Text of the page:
Old-Time Country Wisdom & Lore: 1000s of Traditional Skills for Simple Living
Jerry Mack Johnson
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when damp and limp, it indicates rain. • Mushrooms and toadstools are abundant before rain. • Clover tells us that rain is coming by turning up its leaves, showing their light undersurface. • If milkweed closes at night, rain will follow. • Before precipitation the leaves of the linden, plane, poplar, and sycamore trees expose more of their undersides when fluttering in the wind. • Rain can be expected when the pink-eyed pimpernel closes during the day. • Before a storm, trees turn dark. • When
ifbut few spots are evident, a mild winter is due. • After martins appear there will be no killing frost. Days~ Months~ Seasons~ and Years Rural folk paid special attention to weather during winter and spring because ofits effects on the seasons of planting and harvesting. Saints' days were believed to have particular influence on the weather. Day bring clouds and rain, winter is gone and won't come again. • Badger, bear, and woodchuck come forth at noon on Candlemas Day to look for their
kept in mind at all times. These general rules were closely observed and followed by the most accurate early-day weather prognosticators. To improve your own forecasting skill always keep these in mind: • In forecasting weather the critical moments of the day are sunrise and sunset. • All weather signs fail in a drought. The same theory is true during a wet spell. At these times nature is caught in a rut and reverses itself slowly. • On most occasions the weather is very sure to declare itselfby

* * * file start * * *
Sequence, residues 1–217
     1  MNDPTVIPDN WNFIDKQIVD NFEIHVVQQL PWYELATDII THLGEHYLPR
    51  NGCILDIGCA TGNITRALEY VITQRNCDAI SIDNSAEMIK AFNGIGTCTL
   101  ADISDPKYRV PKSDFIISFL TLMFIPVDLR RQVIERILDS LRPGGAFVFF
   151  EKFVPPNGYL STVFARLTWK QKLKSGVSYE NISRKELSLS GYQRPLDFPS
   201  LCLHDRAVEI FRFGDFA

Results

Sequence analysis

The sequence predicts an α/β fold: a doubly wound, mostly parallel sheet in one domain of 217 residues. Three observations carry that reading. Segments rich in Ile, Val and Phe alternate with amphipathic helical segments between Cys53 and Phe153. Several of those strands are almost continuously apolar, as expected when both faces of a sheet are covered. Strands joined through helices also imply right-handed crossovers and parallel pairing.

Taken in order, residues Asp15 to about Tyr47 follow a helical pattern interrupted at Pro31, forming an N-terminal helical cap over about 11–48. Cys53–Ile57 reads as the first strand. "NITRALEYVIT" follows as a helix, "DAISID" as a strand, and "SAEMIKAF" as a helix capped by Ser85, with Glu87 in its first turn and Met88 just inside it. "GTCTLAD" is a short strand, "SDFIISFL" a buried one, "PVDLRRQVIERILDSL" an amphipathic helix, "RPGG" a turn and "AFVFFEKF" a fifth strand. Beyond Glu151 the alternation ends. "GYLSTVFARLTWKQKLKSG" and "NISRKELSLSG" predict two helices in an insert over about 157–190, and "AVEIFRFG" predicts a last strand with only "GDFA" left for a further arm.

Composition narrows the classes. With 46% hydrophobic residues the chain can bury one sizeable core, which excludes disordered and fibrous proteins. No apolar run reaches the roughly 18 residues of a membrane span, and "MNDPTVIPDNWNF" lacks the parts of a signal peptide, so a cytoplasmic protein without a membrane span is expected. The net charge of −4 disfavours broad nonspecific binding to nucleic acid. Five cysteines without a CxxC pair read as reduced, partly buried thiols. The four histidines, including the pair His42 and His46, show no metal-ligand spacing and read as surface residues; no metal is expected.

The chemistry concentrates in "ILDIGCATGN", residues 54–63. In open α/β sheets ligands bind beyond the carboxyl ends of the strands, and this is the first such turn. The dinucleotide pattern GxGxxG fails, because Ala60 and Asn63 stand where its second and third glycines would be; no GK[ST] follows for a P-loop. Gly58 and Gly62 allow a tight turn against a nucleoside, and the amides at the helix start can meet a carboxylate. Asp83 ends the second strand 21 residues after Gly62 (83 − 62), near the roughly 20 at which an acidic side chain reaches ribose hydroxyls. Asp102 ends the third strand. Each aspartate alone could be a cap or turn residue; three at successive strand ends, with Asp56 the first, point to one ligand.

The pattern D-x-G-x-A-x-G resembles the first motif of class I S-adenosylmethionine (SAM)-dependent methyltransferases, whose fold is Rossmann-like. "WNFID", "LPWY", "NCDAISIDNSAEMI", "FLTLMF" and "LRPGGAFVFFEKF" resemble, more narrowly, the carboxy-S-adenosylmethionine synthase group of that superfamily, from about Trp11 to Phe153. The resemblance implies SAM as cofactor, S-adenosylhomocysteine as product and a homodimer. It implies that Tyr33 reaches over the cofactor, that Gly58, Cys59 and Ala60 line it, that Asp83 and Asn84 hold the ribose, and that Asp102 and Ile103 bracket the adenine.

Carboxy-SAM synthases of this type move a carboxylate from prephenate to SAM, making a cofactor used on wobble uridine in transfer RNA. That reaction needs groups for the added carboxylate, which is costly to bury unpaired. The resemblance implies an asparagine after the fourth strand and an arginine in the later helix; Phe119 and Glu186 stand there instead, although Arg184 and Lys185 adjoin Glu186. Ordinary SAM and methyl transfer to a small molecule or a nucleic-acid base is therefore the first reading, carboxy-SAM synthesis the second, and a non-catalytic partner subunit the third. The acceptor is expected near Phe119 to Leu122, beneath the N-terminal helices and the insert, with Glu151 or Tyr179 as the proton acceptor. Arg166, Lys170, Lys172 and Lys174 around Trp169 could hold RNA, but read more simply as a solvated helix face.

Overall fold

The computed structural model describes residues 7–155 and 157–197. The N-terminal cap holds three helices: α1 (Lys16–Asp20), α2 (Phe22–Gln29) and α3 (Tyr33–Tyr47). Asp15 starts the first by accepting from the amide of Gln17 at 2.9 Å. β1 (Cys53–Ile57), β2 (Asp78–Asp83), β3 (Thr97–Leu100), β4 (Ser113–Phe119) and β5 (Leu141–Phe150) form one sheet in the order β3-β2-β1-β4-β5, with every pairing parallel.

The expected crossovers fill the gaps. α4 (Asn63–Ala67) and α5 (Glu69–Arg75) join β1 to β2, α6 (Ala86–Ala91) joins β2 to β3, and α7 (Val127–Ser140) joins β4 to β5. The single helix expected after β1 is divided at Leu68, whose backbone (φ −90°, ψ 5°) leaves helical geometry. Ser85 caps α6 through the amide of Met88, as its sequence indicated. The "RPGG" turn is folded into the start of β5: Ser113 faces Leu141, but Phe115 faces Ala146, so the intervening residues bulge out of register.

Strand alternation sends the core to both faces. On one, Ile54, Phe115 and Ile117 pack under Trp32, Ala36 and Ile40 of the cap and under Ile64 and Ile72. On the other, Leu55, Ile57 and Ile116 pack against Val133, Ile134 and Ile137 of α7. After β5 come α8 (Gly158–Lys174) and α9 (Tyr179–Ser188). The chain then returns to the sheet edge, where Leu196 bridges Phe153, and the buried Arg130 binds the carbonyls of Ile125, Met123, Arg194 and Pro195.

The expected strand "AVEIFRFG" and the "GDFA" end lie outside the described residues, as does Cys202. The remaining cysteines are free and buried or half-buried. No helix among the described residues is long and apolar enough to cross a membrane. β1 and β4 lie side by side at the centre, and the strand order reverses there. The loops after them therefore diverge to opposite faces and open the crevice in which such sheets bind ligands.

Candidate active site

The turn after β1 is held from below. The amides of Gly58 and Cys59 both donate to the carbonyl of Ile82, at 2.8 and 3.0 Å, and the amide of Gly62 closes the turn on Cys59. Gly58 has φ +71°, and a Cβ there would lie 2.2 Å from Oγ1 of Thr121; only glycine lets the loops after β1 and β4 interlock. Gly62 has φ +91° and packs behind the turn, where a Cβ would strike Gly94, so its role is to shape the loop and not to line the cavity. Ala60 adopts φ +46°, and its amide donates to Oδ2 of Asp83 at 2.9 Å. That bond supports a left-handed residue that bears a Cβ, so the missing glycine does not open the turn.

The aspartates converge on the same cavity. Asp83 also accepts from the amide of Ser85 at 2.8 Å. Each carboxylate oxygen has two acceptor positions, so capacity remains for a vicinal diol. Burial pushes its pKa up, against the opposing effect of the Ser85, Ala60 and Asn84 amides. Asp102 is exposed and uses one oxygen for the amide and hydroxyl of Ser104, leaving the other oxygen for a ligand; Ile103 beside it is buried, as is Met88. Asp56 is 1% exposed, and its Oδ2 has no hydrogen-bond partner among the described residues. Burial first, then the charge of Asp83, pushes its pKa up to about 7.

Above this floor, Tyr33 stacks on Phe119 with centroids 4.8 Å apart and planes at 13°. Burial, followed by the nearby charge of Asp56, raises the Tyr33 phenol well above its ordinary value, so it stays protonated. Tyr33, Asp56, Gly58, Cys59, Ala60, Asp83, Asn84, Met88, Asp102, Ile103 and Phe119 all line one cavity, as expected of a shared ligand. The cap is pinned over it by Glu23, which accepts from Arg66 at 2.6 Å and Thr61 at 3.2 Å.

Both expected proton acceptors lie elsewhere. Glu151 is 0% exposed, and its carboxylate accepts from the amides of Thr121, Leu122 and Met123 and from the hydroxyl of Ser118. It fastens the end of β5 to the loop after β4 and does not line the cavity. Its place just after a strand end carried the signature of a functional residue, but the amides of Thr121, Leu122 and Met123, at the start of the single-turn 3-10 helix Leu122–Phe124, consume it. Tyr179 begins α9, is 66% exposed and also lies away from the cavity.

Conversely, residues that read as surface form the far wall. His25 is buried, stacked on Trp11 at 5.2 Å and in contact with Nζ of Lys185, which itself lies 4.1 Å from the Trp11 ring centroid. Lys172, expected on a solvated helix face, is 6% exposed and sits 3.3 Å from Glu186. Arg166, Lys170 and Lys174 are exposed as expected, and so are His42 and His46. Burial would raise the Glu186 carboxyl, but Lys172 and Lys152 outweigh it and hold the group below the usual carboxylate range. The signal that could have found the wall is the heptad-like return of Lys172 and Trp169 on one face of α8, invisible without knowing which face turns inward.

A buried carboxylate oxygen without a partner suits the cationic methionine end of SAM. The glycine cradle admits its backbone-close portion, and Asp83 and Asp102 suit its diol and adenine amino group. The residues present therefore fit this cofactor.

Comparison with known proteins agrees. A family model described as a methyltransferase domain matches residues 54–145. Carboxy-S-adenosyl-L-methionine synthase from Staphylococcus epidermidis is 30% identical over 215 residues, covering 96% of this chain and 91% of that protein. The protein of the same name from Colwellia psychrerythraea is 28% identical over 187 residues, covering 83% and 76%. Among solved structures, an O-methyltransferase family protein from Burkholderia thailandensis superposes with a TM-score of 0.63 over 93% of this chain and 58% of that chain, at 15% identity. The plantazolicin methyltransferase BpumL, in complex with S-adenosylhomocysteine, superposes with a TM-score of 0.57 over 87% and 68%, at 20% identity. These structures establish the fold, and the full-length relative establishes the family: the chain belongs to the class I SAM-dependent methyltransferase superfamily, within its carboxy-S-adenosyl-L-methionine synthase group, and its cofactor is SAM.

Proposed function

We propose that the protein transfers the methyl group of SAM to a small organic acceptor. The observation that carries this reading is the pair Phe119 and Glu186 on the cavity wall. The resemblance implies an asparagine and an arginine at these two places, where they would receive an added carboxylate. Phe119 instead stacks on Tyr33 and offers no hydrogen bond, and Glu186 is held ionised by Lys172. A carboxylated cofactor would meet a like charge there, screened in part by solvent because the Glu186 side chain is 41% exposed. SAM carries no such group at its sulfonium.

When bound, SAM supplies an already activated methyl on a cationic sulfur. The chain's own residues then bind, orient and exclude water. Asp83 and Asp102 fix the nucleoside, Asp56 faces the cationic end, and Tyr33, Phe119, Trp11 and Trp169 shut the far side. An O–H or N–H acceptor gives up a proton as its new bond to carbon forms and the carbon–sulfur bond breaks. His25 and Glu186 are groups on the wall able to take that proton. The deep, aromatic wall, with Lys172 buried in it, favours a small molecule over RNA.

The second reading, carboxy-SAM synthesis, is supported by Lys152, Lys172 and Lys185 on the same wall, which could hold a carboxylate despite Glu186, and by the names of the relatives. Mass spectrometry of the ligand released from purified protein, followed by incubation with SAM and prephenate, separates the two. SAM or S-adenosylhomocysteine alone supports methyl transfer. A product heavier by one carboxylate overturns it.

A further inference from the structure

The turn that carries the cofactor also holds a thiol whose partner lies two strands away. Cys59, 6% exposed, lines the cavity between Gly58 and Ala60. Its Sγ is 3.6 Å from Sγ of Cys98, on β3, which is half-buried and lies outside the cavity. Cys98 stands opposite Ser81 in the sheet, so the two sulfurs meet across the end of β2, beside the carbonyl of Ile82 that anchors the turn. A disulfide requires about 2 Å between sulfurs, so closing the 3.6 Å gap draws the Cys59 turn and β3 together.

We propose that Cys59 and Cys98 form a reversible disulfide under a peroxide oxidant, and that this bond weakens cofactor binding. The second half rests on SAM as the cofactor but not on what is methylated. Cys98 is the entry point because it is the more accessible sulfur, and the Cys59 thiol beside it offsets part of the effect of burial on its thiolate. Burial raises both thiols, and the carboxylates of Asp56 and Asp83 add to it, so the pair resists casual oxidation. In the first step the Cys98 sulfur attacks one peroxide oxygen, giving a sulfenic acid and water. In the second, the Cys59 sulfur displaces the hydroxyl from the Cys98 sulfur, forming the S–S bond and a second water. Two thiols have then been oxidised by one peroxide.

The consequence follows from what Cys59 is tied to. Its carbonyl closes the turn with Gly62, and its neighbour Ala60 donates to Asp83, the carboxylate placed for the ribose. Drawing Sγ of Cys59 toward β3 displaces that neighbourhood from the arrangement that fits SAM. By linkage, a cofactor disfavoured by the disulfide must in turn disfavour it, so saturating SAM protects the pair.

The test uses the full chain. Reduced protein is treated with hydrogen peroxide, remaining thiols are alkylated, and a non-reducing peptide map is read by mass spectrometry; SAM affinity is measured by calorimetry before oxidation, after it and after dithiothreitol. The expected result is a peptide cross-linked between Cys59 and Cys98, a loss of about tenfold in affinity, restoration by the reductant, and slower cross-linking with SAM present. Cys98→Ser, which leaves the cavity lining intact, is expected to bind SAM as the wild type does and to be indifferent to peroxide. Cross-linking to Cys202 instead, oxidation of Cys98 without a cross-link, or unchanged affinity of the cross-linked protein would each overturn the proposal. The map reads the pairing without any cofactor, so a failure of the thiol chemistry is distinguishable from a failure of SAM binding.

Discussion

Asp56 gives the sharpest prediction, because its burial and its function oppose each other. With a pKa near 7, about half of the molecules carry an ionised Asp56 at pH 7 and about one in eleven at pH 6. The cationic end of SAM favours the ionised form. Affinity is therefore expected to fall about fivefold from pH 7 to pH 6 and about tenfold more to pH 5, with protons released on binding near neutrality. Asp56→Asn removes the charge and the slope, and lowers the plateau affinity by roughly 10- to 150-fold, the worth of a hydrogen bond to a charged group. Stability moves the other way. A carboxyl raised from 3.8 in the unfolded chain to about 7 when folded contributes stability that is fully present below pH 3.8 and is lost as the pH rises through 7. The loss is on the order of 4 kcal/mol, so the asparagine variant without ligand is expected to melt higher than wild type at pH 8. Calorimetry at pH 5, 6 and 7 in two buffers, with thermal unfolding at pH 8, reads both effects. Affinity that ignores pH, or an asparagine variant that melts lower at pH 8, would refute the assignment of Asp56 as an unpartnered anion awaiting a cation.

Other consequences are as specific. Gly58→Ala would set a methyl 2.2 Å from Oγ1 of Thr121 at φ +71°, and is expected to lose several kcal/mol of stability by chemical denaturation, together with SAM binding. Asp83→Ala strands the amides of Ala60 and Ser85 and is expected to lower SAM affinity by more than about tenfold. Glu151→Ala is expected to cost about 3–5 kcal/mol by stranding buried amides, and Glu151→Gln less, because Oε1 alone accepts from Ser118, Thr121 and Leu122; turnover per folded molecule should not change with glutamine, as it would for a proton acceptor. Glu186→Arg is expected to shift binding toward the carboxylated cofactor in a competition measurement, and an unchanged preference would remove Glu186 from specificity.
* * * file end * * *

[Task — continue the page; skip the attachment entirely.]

together by similarity of size, form, and methods of searching for food. Flight patterns, too, differ. Some birds-blackbirds, wax-wings, snow buntings, shore birds-move in close formation; others, such as vultures, blue jays, warblers, larks, and bluebirds, fly in loose order. Still others travel separately-owls, wrens, shrikes, grebes, kingfishersflocking occasionally where food is abundant along the way. In certain species males migrate first, reaching their breeding grounds to stake out
recognize changes of temperature within a fraction of a degree. A highly developed sense of "touch" helps fish to reject objects that they cannot eat. The larger the size of a fish the faster it can swim. A general rule is that fish can swim about eight miles per hour for each foot of body length. A fish striking a bait or making any other sudden move can accelerate to about 50 per cent more than its usual cruising speed. Fish can hear low-frequency sounds from all directions by means of an "ear"